Last month, after violent clashes with more than 100 masked protesters, University of California, Berkeley canceled an appearance by Milo Yiannapoulos, a notorious commentator who was banned from Twitter for his hate-filled speech. In March, a professor at Middlebury College ended up with a concussion while escorting Charles Murray, the author of The Bell Curve, a book that claims Black people are genetically inferior, through an angry mob.
These incidents prompt faculty, staff and students to ask: What happens when the good thing that is academic freedom runs into the bad thing that is hate speech? “This issue is as important as it ever has been,” said Gary Rhoades, director of the Center for the Study of Higher Education at the University of Arizona, to an audience at the National Education Association’s Higher Education Conference on March 18.
“There is this dance between academic freedom and the legitimate concerns of specific groups about the climate of the institutions where they work and study,” says Rhoades. “The question is, how do we protect academic freedom, especially during this era of ‘you’re fired,’ and also meet the goals of greater inclusion and openness in the academy?”
NEA’s resolution on academic freedom is nearly 90 years old. At its heart is the idea that the pursuit of truth on campuses serves a common good in society. It’s this kind of thinking that has allowed scientists to explore the melting polar ice caps, or historians to delve in the causes of war. Over the decades, NEA’s resolution has been updated, but it has never wavered from “the rights of teachers and learners to explore and discuss divergent points of view.”
On many campuses, protecting these rights is the work of unions, which often negotiate and embed academic freedom into faculty contracts. (These types of contract language are explored in a recent NEA Almanac of Higher Education article.) Kristine Anderson Dougherty, a former chief negotiator for the United Faculty of Florida, points to the University of New Hampshire contract for typical language: “The College cannot fulfill its purpose of transmitting, evaluating and extending knowledge if it requires conformity with any orthodoxy of content and/or method.”
Free Speech vs Hate Speech
But times are changing. The election of President Trump has invited the haters to take the stage, writes Allison Stanger, the Middlebury professor who was attacked on her campus. “Much of the free speech he has inspired—or has refused to disavow—is ugly, and has already had ugly real-world consequences.”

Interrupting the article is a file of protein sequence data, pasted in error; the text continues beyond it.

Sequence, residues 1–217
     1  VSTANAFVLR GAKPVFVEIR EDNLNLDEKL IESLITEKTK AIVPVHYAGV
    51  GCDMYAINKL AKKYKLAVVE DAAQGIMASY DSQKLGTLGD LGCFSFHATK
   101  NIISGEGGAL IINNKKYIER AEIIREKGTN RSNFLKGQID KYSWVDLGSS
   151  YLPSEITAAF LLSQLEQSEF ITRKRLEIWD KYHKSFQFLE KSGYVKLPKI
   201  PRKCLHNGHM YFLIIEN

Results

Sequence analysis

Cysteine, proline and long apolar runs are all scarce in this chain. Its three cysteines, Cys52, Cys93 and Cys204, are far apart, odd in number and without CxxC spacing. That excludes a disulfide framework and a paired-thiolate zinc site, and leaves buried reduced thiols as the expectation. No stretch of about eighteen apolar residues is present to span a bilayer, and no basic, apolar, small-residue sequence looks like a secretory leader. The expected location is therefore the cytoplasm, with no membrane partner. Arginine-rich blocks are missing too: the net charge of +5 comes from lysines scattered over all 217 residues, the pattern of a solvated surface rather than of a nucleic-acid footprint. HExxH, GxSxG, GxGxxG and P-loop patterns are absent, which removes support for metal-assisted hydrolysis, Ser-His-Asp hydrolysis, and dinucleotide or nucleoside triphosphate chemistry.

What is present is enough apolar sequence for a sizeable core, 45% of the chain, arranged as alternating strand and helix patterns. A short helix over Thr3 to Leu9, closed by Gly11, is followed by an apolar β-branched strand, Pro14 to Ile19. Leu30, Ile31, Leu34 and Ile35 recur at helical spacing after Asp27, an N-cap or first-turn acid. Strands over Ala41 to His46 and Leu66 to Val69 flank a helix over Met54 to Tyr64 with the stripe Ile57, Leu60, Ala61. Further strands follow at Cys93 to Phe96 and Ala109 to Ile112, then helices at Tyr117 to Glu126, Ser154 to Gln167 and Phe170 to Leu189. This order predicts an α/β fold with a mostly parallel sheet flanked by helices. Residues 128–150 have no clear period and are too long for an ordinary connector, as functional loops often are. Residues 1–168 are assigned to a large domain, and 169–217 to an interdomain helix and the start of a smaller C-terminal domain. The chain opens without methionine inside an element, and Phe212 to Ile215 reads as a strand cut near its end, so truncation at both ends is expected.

Meanwhile, our institutions are becoming more diverse, like our country, and students of color, students who are immigrants, LGBT students, and others, need to feel welcome and supported to succeed. It’s impossible to feel that way when the speaker on the campus stage talks about the transgender bathroom debate, displays a photo of a transgender student at that school, and then tells the crowd, “the way that you know he’s failing is that I’d almost still bang him.”
This issue is as important as it ever has been. There is this dance between academic freedom and the legitimate concerns of specific groups about the climate of the institutions where they work and study” – Gary Rhoades, director of the Center for the Study of Higher Education, University of Arizona
But who and what do you censor in the name of student safety? Different campuses have responded in different ways. At the University of Oregon in December, a law professor was suspended for wearing blackface to a Halloween party at her home—a costume she said she intended as a pro-Black statement, but that some students in attendance found offensive and the university called an act of “harassment.”
“Last week, the University of Oregon made clear to its faculty: If you say things about race, sexual orientation, sex, religion and so on that enough people find offensive, you could get suspended…even fired,” wrote Eugene Volokh in The Washington Post. Following this logic, he continues, “the expression of certain views, however linked they may be to important political debates, is forbidden to University of Oregon professors, at least once the views create enough controversy.”
At Washington State University, some professors published an open letter in December, calling on their campus to assert “we are anti-racist, anti-sexist, anti-xenophobia, anti-homophobic, anti-Islamophobic, anti-ableism, and anti-bigotry.” It seemed to warn again too much free speech, saying “discourses of free speech undeviatingly create a campus that is especially disempowering to marginalized students.”
But what about academic freedom, and the pursuit of truth? Entering the fray last week, an ideological odd couple—conservative intellectual Robert George of Princeton University and self-described “radical Democrat” Cornel West of Harvard—issued a joint statement. “When George and West agree on something and lend their names to it, people take notice,” wrote an Inside Higher Ed reporter.
Their statement, which has received tens of thousands of signatures of support, calls for “truth seeking, democracy and freedom of thought and expression.” And while it acknowledges the rights of students to “peacefully protest,” by turning their backs to speakers, for example, it asks, “Might it better serve the cause of truth-seeking to engage the speaker in frank civil discussion?”
These are fine words, but they may not reflect the reality in our public colleges and universities, suggests Rhoades. “There has been an upsurge in hate crimes. There has been an upsurge in sexual assaults. We must address that as a faculty and not just say, no, don’t infringe on our academic freedom!”
For his part, Rhoades recommends joint labor-management task forces to explore these issues on campuses, “and work together to advance healthier campuses.”